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Infranet requesters compose secret messages using sequences of requests that are hard for a censor to detect, and Infranet responders covertly embed data in the openly returned content

Infranet: Circumventing Web Censorship and Surveillance

USENIX Security Symposium, pp.247-262, (2002)

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Abstract

An increasing number of countries and companies rou- tinely block or monitor access to parts of the Internet. To counteract these measures, we propose Infranet, a sys- tem that enables clients to surreptitiously retrieve sensitive content via cooperating Web servers distributed across the global Internet. These Infranet servers provide cl...More

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Introduction
  • The World Wide Web is a prime facilitator of free speech; many people rely on it to voice their views and to gain access to information that traditional publishing venues may be loath to publish.
  • Over the past few years, many countries, political regimes, and corporations have attempted to monitor and often restrict access to portions of the Web by clients who use networks they control.
  • Many of these attempts have been successful, and the use of the Web as a free-flowing medium for information exchange is being severely compromised.
Highlights
  • The World Wide Web is a prime facilitator of free speech; many people rely on it to voice their views and to gain access to information that traditional publishing venues may be loath to publish
  • This paper focuses on the challenging technical problems of circumventing Web censorship and largely ignores the many related political, legal, and policy issues
  • For two typical Web sites running Infranet responders, we find that a requester using range-mapping can modulate 50% of all requests for hidden content in 6 visible HTTP requests or fewer and 90% of all hidden requests in 10 visible HTTP requests or fewer
  • The architecture we presented in Section 3 does not protect against an impersonation attack whereby a censor establishes an Infranet responder and discovers requesters by identifying the Web clients that send meaningful Infranet requests
  • Infranet requesters compose secret messages using sequences of requests that are hard for a censor to detect, and Infranet responders covertly embed data in the openly returned content
  • The resulting traffic resembles the traffic generated by normal browsing. Infranet provides both access to sensitive content and plausible deniability for users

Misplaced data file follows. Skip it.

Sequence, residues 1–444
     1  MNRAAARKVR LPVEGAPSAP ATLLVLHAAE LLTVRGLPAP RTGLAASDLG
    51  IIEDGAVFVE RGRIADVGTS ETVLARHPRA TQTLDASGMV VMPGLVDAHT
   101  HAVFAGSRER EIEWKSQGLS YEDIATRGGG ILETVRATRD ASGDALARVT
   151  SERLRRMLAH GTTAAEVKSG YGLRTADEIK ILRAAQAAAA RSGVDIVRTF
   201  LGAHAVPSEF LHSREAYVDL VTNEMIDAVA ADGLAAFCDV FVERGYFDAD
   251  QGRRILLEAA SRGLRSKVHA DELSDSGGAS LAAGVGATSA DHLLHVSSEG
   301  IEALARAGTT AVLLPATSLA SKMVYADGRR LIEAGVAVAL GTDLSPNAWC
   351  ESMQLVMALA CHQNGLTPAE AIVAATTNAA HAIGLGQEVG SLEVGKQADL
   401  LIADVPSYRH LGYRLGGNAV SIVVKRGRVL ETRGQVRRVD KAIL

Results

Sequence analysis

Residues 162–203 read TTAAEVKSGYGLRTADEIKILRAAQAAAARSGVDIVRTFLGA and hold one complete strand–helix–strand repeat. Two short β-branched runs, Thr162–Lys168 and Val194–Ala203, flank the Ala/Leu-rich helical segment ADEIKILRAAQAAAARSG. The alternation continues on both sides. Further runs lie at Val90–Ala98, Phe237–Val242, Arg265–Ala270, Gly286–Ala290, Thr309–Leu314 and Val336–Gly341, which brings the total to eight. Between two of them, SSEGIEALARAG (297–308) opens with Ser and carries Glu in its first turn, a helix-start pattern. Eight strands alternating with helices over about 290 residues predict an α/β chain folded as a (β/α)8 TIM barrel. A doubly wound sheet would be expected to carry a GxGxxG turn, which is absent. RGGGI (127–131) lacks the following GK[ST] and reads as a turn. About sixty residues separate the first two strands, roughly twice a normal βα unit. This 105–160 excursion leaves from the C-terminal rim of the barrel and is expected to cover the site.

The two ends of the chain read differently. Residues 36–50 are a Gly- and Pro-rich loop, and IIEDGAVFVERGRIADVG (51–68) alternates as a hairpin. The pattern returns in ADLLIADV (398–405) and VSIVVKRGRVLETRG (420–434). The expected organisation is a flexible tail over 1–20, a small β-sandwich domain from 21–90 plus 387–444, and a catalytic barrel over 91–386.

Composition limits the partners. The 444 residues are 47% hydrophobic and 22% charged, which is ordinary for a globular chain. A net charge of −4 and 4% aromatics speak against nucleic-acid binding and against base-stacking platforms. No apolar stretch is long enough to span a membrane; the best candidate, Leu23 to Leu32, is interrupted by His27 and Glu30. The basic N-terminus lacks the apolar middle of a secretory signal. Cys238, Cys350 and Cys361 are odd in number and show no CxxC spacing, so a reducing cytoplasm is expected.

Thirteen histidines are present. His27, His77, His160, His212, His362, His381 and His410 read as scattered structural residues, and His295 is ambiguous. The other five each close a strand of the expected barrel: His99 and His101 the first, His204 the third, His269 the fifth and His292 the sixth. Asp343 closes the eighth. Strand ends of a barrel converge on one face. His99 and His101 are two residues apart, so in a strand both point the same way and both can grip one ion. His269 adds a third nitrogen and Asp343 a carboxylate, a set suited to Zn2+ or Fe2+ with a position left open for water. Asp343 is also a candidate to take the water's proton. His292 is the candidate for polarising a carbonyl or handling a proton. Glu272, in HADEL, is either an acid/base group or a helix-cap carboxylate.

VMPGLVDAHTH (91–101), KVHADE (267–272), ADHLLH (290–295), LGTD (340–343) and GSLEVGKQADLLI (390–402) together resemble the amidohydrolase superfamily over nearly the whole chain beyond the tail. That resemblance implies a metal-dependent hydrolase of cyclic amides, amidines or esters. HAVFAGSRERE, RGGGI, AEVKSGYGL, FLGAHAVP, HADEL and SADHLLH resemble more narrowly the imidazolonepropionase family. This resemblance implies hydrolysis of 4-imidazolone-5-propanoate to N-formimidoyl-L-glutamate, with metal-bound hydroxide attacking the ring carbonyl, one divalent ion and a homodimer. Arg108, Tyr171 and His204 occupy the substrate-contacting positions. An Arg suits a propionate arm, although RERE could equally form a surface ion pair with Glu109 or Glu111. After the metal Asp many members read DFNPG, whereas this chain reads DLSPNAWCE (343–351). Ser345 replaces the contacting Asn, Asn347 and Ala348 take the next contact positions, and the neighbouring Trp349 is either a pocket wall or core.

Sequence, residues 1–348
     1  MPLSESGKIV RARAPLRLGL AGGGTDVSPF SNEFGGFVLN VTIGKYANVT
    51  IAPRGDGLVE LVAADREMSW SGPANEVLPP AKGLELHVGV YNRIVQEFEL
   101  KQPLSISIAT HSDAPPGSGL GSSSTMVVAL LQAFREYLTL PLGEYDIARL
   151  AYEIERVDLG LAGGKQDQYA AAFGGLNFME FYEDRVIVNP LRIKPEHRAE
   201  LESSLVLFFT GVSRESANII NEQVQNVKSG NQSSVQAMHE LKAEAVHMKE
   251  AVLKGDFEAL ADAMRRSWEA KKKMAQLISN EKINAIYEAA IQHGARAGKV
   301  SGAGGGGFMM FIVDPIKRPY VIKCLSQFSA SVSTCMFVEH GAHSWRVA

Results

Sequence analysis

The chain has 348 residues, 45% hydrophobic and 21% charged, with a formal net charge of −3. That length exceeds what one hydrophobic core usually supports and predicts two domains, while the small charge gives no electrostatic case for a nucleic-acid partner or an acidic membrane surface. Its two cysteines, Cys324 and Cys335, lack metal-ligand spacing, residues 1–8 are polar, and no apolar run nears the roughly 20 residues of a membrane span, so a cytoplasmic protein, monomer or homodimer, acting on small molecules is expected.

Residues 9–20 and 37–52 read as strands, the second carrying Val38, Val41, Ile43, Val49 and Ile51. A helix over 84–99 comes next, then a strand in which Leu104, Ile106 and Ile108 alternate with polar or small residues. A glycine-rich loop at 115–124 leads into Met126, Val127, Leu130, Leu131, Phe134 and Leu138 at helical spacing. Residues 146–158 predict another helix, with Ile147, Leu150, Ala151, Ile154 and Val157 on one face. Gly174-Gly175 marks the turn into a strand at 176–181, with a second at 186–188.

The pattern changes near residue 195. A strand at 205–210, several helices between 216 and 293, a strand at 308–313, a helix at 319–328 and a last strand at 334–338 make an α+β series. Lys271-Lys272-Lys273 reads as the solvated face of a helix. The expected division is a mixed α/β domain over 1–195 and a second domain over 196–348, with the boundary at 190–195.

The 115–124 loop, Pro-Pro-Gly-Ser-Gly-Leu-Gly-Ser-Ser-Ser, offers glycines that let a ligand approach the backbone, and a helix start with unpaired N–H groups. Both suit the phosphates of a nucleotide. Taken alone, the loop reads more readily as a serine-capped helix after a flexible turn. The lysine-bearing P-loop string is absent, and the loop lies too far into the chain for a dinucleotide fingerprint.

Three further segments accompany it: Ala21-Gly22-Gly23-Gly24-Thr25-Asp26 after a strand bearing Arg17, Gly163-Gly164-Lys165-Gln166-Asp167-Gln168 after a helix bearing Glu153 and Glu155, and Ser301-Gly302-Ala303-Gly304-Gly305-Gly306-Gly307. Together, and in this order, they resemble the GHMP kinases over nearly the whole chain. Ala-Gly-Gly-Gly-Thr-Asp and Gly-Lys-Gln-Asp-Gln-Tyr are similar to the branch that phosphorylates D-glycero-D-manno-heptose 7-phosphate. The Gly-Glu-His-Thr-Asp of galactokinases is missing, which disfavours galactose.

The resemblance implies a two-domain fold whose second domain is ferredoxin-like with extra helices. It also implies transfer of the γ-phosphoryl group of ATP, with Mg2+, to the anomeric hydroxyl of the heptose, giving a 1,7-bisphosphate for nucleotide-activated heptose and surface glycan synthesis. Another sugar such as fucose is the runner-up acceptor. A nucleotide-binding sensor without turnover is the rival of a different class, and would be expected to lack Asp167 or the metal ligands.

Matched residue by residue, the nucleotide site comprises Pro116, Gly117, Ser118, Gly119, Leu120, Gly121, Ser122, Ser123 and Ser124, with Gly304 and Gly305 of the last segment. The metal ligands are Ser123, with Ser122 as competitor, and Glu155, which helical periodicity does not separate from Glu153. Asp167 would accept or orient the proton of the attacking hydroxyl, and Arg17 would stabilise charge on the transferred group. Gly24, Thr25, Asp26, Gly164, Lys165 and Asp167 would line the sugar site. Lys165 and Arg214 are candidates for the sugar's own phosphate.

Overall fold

Methods
  • The authors designed Infranet to meet a number of goals.
  • Deniability for any Infranet requester.
  • It should be computationally intractable to confirm that any individual is intentionally downloading information via Infranet, or to determine what that information might be.
  • 2. Statistical deniability for the requester.
  • Even if it is impossible to confirm that a client is using Infranet, an adversary might notice statistical anomalies in browsing patterns that suggest a client is using Infranet.
  • An Infranet user’s browsing patterns should be statistically indistinguishable from those of normal Web users
Conclusion
  • Infranet enables users to circumvent Web censorship and surveillance by establishing covert channels with accessible Web servers.
  • Infranet requesters compose secret messages using sequences of requests that are hard for a censor to detect, and Infranet responders covertly embed data in the openly returned content.
  • Infranet uses a tunnel protocol that provides a covert communication channel between requesters and responders, modulated over standard HTTP transactions.
  • Infranet requesters send covert messages to Infranet responders by associating additional semantics to the HTTP requests being made.
  • Infranet responders return content by hiding censored data in uncensored images using steganographic techniques.
  • While downstream confidentiality is achieved using a session key, upstream confidentiality is achieved by confidentially exchanging a modulation function
Tables
  • Table1: A taxonomy of passive attacks on Infranet. If the censor has the ability to target suspected users, attacks involve more sophisticated analysis of visible HTTP traffic
Download tables as Excel
Related work
  • Many existing systems seek to circumvent censorship and surveillance of Internet traffic. Anonymizer.com provides anonymous Web sessions by requiring users to make Web requests through a proxy that anonymizes userspecific information, such as the user’s IP address [2]. The company also provides a product that encrypts HTTP requests to protect user privacy; Zero Knowledge provides a similar product [24]. Squid is a caching Web proxy that can be used as an anonymizing proxy [21]. The primary shortcoming of these schemes is that a well-known proxy is subject to being blocked by a censor. Additionally, the use of an encrypted tunnel between a user and the anonymizing proxy (e.g., port forwarding over ssh) engenders suspicion.
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